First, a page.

Revelation 10

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by: Brad Simon

05/09/2022

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Journey Through The Bible
  Old Testament Reading:
Joshua 4-6
 New Testament Reading: Revelation 10

Then the voice that I heard from heaven spoke to me again and said, “Go, take the scroll that lies open in the hand of the angel who is standing on the sea and on the land.” So I went to the angel and asked him to give me the little scroll. He said to me, “Take and eat it; it will be bitter in your stomach, but it will be as sweet as honey in your mouth.” Then I took the little scroll from the angel’s hand and ate it. It was as sweet as honey in my mouth, but when I ate it, my stomach became bitter (Revelation 10:8-10).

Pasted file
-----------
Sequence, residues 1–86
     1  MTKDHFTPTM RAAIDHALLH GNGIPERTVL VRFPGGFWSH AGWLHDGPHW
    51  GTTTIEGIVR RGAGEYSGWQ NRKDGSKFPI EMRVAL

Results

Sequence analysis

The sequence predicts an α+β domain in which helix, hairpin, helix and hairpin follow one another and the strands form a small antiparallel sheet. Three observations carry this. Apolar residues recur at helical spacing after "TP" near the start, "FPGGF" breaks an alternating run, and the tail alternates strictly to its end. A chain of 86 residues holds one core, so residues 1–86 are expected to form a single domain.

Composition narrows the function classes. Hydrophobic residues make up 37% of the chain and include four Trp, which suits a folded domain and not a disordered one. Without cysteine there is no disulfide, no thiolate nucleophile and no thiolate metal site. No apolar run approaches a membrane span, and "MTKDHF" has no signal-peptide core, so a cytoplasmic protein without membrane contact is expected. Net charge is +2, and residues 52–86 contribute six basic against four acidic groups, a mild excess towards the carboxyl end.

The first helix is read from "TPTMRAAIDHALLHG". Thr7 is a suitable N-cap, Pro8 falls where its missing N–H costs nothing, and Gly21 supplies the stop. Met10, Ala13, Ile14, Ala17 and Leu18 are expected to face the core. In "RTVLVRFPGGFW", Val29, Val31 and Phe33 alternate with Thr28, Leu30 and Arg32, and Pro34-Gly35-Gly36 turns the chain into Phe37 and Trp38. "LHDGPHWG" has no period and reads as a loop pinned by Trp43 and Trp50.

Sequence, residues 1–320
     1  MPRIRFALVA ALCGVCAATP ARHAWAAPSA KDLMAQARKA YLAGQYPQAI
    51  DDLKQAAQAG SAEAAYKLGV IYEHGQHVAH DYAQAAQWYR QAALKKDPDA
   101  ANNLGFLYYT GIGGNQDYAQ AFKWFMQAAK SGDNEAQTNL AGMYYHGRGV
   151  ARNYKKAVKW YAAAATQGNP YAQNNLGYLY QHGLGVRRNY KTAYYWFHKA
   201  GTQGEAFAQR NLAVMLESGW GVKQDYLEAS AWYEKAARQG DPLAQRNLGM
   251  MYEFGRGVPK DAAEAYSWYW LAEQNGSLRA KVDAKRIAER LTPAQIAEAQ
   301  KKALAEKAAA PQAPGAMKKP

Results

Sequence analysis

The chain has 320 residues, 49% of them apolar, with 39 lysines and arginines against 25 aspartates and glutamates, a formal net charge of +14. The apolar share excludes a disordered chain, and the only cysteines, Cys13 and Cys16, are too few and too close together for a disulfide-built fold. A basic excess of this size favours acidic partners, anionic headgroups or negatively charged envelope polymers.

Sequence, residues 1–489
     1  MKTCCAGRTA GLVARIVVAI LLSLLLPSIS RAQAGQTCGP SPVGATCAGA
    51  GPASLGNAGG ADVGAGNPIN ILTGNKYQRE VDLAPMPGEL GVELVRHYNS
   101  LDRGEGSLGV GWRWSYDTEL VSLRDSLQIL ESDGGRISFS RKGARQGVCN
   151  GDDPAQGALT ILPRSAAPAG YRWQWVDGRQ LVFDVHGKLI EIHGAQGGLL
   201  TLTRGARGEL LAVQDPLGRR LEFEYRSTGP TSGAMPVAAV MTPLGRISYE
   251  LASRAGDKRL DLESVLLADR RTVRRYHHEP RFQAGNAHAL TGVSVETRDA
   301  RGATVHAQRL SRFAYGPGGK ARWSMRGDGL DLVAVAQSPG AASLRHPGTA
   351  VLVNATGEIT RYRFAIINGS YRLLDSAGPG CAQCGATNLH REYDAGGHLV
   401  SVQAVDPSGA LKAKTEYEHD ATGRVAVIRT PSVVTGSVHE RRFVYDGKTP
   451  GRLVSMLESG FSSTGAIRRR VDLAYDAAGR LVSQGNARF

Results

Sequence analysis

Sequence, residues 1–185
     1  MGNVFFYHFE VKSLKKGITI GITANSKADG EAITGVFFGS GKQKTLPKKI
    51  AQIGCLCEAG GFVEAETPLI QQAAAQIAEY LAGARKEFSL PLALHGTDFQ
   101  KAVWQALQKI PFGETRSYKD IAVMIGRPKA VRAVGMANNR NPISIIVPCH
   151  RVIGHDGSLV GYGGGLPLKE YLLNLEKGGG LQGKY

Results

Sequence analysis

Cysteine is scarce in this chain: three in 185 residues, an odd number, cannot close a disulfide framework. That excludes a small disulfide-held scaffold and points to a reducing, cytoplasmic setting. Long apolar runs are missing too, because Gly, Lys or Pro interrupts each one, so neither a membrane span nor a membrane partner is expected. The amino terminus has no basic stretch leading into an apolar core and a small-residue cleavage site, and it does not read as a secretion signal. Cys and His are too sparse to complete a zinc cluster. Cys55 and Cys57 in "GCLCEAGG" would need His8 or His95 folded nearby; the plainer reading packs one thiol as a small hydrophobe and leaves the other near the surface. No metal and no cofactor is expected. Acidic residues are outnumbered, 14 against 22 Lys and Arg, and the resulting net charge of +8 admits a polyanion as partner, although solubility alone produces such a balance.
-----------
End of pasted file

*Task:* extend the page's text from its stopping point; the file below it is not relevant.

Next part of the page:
Before the seventh trumpet is blown, a mighty angel comes down from heaven, placing one foot on the land and the other on the sea. The Seal Judgments affected one fourth of the population and the Trumpet Judgments affected one third. The angel placing his feet on the land and sea signifies that when the seventh trumpet is blown announcing the coming Bowl Judgments, they will affect the entire world.

The declaration of the angel fills us with awe, not only because of what he declares but also because of the way he declares it. It is a solemn scene, with his feet firmly planted on earth and his hand lifted to heaven. He declares, “there will no longer be a delay, but in the days when the seventh angel will blow his trumpet, then the mystery of God will be completed” (v 6-7). God has been delaying His Judgments so that lost sinners will have time to repent (2 Peter 3:1-9), but now He will speed up His judgments and accomplish His purpose.